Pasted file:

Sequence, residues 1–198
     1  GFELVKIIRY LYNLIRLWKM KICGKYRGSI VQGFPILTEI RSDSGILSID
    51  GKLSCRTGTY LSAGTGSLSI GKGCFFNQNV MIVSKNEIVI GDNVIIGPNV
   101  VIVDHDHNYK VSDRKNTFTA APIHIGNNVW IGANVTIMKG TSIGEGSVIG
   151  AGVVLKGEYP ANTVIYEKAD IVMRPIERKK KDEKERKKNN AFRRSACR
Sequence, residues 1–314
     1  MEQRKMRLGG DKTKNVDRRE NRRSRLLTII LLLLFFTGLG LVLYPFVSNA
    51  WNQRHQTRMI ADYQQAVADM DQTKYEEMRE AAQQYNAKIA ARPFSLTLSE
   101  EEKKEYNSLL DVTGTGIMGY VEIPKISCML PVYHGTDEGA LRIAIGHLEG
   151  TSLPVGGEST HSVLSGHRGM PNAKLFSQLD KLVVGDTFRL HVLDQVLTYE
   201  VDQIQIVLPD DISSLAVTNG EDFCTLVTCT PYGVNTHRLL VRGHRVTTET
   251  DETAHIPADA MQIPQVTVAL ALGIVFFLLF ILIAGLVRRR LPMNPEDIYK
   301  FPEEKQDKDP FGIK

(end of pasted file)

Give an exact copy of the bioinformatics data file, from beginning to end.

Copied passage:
Sequence, residues 1–198
     1  GFELVKIIRY LYNLIRLWKM KICGKYRGSI VQGFPILTEI RSDSGILSID
    51  GKLSCRTGTY LSAGTGSLSI GKGCFFNQNV MIVSKNEIVI GDNVIIGPNV
   101  VIVDHDHNYK VSDRKNTFTA APIHIGNNVW IGANVTIMKG TSIGEGSVIG
   151  AGVVLKGEYP ANTVIYEKAD IVMRPIERKK KDEKERKKNN AFRRSACR
Sequence, residues 1–314
     1  MEQRKMRLGG DKTKNVDRRE NRRSRLLTII LLLLFFTGLG LVLYPFVSNA
    51  WNQRHQTRMI ADYQQAVADM DQTKYEEMRE AAQQYNAKIA ARPFSLTLSE
   101  EEKKEYNSLL DVTGTGIMGY VEIPKISCML PVYHGTDEGA LRIAIGHLEG
   151  TSLPVGGEST HSVLSGHRGM PNAKLFSQLD KLVVGDTFRL HVLDQVLTYE
   201  VDQIQIVLPD DISSLAVTNG EDFCTLVTCT PYGVNTHRLL VRGHRVTTET
   251  DETAHIPADA MQIPQVTVAL ALGIVFFLLF ILIAGLVRRR LPMNPEDIYK
   301  FPEEKQDKDP FGIK